Press release

New inquiry announced into Kids Integrated Cancer Treatment

This news article was withdrawn on

No longer current. The report has now been published.

The Charity Commission opened a statutory inquiry into Kids Integrated Cancer Treatment (registered charity number 1129394) on 29 July 2014.

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The charity has objects to provide integrated cancer treatments for children by fundraising and to provide financial assistance and educational information to families who have children suffering from cancer.

Concerns about the charity and its links to an individual were raised with the Commission in January 2012. At the request of the Police and the Crown Prosecution service, the Commission did not engage with the charity until a criminal case against the individual was completed.

Following the sentencing on the case in September 2013, the Commission began to reassess the possible regulatory issues connected with the charity and its ongoing links to the individual (see endnote 1). The regulator met with the trustees and conducted a financial books and records inspection. However, the Commission was not satisfied with the information provided. It required the trustees to provide further information and comply with their legal duties to prepare and submit the outstanding annual accounts. Following an accounts analysis and increasing concern about the accuracy of the information provided by the charity, the regulator opened a statutory inquiry.

The inquiry will examine:

  • the financial management and administration of the charity with particular regard to how the charity has been operated in furtherance of its charitable purposes for the public benefit

  • whether or not the trustees have complied with their legal duties and responsibilities as trustees under charity law

In order to protect the charity’s funds, the Commission has frozen the charity’s bank accounts as a temporary and protective measure whilst it investigates its concerns.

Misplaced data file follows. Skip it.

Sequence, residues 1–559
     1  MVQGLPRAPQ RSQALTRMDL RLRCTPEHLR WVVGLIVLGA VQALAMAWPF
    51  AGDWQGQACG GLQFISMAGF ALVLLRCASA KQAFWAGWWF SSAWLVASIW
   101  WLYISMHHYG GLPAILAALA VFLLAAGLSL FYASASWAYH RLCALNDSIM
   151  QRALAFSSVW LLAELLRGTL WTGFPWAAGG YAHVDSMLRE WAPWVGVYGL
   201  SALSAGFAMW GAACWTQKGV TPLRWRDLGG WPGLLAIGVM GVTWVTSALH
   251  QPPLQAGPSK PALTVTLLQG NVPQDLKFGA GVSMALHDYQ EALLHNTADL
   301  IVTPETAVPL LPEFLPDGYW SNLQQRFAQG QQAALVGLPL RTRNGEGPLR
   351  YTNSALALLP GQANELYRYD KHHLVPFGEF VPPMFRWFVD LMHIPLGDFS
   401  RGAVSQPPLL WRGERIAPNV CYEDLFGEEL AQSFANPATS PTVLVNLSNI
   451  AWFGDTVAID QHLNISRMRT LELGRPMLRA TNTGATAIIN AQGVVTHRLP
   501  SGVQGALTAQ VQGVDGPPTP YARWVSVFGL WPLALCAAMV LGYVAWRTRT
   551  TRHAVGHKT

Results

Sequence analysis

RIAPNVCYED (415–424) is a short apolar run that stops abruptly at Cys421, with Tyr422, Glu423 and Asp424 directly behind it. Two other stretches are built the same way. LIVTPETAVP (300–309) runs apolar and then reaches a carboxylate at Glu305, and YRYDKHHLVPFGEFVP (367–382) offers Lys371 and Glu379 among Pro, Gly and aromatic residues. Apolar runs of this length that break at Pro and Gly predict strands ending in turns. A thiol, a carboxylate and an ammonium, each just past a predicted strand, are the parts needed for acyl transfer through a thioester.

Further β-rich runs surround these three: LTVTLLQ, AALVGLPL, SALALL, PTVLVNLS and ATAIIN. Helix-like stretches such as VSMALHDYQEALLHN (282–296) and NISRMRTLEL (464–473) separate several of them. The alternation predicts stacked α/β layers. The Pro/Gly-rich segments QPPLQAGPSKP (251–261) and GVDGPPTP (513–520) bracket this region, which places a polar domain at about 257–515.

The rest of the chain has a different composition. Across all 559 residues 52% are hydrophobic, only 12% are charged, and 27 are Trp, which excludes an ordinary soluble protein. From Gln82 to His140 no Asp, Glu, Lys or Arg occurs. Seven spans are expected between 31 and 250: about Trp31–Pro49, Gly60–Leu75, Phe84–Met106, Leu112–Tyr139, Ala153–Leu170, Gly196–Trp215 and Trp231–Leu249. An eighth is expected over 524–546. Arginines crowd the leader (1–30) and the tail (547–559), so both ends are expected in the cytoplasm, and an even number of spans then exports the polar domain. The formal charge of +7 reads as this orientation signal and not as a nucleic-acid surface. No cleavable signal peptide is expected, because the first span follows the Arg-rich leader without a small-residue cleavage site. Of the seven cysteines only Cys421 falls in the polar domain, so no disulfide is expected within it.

The purpose of an inquiry to examine issues in detail and investigate and establish the facts so that the regulator can ascertain whether there has been misconduct and mismanagement; establish the extent of the risk to the charity’s property, beneficiaries or work; decide what action needs to be taken to resolve the serious concerns, if necessary using its legal powers to do so.

It is the Commission’s policy, after it has concluded an inquiry, to publish a report detailing what issues the inquiry looked at, what actions were undertaken as part of the inquiry and what the outcomes were. Reports of previous inquiries by the Commission are available on its website.

The charity’s details can be viewed on the Commission’s online charity search tool.

Ends

PR 73/14

For press enquiries contact the press office.

Notes to Editors

  1. The Charity Commission is the independent regulator of charities in England and Wales.
  2. Our mission is to be the independent registrar and regulator of charities in England and Wales, acting in the public’s interest, to ensure that:
    • charities know what they have to do
    • the public know what charities do
    • charities are held to account
  3. Section 46 of the Charities Act 2011 gives the Charity Commission the power to institute inquiries. The opening of an inquiry gives the Commission access to a range of protective and remedial powers.
  4. The Commission’s decision to announce the opening of a statutory inquiry is based on whether it is in the public interest to do so and with consideration of our objective to increase public trust and confidence in charities. Read more information on the Commission’s policy and factors taken into account when deciding to issue a press release.

Endnotes

  1. The convictions against the individual were theft and fraud offences and were not related to a registered charity but were related to fundraising appeals for sick children.
Published 13 August 2013